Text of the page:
Article

A critical review of the influence of oxytocin nasal spray on social cognition in humans: Evidence and future directions

Brain & Mind Research Institute, University of Sydney, 2050, Australia.
Hormones and Behavior (Impact Factor: 4.51). 01/2012; 61(3):410-8. DOI: 10.1016/j.yhbeh.2012.01.002
Source: PubMed

ABSTRACT The past eight years of research has demonstrated that oxytocin nasal spray has a significant impact on human social cognition. The aim of this review is to provide critical comment on the literature using an information-processing framework. We provide a summary of fundamental assumptions of information-processing models and highlight an impressive range of consistent findings that demonstrate the impact of oxytocin nasal spray on social information processing. These findings include that oxytocin nasal spray improves the early conceptual detection of affect from social cues and improves the accurate appraisal of affect from social cues at elaborate and strategic levels of processing. There is some evidence that these effects may be particularly powerful for positive social cues. This review comments on inconsistent results that have been reported. We argue that such inconsistencies can, in part, be explained by variability across experiments in the degree to which potential extraneous confounds have been controlled, the different methods upon which studies assessed cognition, and the extent to which the focus of investigation has been on group-based outcomes. Finally, we argue that sound cognitive experimental methods can provide powerful tools to identify markers of response to oxytocin nasal spray that can be integrated into more complex circuitry models. The identification of robust markers has particular value in predicting behavioral and therapeutic response to intervention. This should now be a major focus for future research. This article is part of a Special Issue entitled Oxytocin, Vasopressin, and Social Behavior.

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Available from: Adam J Guastella, Mar 21, 2014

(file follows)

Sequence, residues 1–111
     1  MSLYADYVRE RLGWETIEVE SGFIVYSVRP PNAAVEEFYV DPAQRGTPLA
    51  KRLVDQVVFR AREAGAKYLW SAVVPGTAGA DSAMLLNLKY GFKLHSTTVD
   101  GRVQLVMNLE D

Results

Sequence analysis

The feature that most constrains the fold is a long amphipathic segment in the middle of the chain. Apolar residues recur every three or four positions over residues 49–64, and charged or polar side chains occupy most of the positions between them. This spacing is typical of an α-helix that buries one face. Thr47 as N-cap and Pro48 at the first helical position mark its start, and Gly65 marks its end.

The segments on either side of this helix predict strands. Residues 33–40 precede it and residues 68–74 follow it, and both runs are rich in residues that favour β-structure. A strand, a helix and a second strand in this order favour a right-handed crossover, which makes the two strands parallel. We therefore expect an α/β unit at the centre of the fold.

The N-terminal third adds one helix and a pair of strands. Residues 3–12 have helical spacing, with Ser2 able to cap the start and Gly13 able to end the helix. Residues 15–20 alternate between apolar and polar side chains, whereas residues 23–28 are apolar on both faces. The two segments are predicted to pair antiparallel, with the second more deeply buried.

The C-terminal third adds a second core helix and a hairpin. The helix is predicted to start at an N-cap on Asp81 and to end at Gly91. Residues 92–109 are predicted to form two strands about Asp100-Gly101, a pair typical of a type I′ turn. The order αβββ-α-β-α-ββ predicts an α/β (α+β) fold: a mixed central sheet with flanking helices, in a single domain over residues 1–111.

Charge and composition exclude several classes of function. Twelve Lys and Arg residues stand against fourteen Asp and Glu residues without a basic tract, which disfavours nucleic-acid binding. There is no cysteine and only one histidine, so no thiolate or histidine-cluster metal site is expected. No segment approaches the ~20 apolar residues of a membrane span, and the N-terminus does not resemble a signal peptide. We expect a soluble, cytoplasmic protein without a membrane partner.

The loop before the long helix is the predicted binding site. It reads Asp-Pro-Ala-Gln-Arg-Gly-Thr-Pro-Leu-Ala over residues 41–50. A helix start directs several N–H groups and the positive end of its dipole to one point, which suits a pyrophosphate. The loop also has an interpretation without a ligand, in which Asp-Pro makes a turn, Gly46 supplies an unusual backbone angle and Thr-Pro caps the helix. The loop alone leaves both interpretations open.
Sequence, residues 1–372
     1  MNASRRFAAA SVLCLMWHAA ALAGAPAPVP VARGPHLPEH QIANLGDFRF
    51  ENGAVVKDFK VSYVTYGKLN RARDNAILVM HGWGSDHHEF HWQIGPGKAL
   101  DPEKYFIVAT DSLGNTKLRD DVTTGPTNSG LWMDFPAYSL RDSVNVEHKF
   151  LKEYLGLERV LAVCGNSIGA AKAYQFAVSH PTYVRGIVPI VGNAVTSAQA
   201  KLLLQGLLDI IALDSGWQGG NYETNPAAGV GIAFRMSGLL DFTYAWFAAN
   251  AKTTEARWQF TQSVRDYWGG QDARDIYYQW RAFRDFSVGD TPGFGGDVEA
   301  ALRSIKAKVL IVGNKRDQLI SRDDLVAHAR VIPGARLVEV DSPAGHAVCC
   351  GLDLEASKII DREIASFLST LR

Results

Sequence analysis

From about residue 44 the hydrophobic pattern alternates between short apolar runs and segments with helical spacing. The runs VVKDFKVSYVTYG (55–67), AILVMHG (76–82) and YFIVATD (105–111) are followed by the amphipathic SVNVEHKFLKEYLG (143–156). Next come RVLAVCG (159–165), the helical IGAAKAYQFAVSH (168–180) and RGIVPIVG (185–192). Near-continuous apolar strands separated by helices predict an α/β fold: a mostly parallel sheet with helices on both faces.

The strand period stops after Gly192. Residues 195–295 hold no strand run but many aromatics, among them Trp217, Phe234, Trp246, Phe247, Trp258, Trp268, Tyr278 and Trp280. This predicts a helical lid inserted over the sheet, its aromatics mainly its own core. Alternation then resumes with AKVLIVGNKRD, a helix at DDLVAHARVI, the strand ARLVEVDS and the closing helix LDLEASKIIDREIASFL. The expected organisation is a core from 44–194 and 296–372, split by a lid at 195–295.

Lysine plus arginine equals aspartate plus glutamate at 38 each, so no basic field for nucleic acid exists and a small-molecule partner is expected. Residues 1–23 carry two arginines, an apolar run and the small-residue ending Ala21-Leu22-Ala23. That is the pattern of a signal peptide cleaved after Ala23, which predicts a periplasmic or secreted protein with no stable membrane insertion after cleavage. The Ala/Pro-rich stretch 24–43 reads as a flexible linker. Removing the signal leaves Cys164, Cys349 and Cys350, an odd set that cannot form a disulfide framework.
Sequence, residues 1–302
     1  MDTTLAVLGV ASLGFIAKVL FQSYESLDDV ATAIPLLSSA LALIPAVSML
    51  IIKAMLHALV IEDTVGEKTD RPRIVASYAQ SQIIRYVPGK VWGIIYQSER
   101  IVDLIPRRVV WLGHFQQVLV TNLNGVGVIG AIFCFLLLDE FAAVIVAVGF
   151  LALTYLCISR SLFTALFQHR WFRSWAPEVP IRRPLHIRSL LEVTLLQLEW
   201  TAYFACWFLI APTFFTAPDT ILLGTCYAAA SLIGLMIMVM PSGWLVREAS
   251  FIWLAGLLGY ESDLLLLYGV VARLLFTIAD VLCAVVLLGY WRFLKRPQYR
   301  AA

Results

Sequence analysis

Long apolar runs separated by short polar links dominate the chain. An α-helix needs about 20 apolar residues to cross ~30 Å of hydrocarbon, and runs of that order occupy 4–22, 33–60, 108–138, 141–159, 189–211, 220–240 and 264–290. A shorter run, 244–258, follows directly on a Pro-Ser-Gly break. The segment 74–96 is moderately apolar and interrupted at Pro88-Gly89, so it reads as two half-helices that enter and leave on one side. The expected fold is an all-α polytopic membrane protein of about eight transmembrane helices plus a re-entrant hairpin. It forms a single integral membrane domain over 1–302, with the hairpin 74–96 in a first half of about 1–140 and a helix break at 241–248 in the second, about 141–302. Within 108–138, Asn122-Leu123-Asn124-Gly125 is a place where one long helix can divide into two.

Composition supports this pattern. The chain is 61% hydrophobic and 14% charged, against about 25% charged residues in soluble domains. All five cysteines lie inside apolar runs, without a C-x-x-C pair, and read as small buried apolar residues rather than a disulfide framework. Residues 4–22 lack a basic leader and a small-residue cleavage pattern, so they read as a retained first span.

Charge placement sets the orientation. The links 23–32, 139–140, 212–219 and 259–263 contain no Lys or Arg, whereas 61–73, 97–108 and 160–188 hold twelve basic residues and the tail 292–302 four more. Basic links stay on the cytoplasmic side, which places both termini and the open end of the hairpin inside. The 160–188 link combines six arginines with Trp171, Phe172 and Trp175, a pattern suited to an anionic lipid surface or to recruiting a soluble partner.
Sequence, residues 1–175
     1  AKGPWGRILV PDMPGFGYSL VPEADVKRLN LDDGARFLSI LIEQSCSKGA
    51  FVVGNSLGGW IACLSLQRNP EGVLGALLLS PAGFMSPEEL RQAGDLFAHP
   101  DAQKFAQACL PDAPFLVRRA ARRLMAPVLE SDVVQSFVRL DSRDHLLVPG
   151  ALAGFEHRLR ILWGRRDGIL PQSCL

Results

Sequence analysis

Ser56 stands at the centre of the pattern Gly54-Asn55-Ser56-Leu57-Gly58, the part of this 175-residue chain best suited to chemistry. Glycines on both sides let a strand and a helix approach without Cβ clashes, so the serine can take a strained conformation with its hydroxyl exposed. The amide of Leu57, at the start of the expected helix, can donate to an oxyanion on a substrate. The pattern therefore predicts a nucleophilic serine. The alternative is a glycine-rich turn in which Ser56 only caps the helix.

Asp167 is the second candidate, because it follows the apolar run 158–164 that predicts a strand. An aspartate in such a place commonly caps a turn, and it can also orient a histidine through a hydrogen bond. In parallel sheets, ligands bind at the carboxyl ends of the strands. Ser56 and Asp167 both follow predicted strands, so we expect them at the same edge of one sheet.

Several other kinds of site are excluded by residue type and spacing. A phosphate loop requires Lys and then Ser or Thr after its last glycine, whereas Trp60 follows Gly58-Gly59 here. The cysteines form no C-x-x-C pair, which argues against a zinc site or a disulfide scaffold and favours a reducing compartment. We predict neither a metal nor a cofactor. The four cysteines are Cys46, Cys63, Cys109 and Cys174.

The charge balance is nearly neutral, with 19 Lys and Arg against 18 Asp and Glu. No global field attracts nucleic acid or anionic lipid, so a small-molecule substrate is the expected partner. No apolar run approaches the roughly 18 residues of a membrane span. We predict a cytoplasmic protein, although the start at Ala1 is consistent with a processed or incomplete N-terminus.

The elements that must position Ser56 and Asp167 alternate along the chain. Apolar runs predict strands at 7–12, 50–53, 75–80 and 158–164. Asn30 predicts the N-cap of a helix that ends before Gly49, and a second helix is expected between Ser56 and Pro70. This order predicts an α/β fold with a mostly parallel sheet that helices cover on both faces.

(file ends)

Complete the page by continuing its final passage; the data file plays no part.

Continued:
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    • "Several studies have suggested that oxytocin has therapeutic effects on autistic deficits in social responses and the understanding of emotion in others (Andari et al., 2010; Striepens et al., 2012). More generally, literature on human and non-human primates presents converging evidence of oxytocin's positive effects on prosocial behaviour (Guastela and MacLeod, 2012; Chang and Platt, 2014). Recently, 7-to 14-day-old macaques where found to increase their facial gesturing at a human caregiver after oxytocin nebulization (Simpson et al., 2014). "
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    • "Recently, several critical reviews have been published. The authors of these papers emphasized the limited understating of mechanism of action, lack of information on dose-response relationship, long-term safety, social contextual effects, ethical issues regarding behavioral modulation, and the controversial impact of oxytocin in real-life circumstances [2] [5] [13] [20] [29] [52] [54]. MacDonald et al. [39] provided a comprehensive review of safety, side effects, and subjective reactions to intranasal oxytocin in controlled human studies, including more than 1500 participants. "
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    • "In addition, consistent with our first hypothesis, a treatment effect was observed in that dogs performed significantly better after oxytocin than saline administration in session 1. This is consistent with findings for humans, demonstrating that oxytocin increases perception of biologically relevant human motion (Kéri and Benedek 2009), which is imperative for social cognitive processing and communication, and supports the notion that oxytocin increases social cognition (see reviews by Bartz et al. 2011; Guastella and MacLeod 2012). In addition, when examining difference scores between testing sessions, we observed performance improvements from session 1 to session 2 for point B3 scores in sal-oxy group dogs. "
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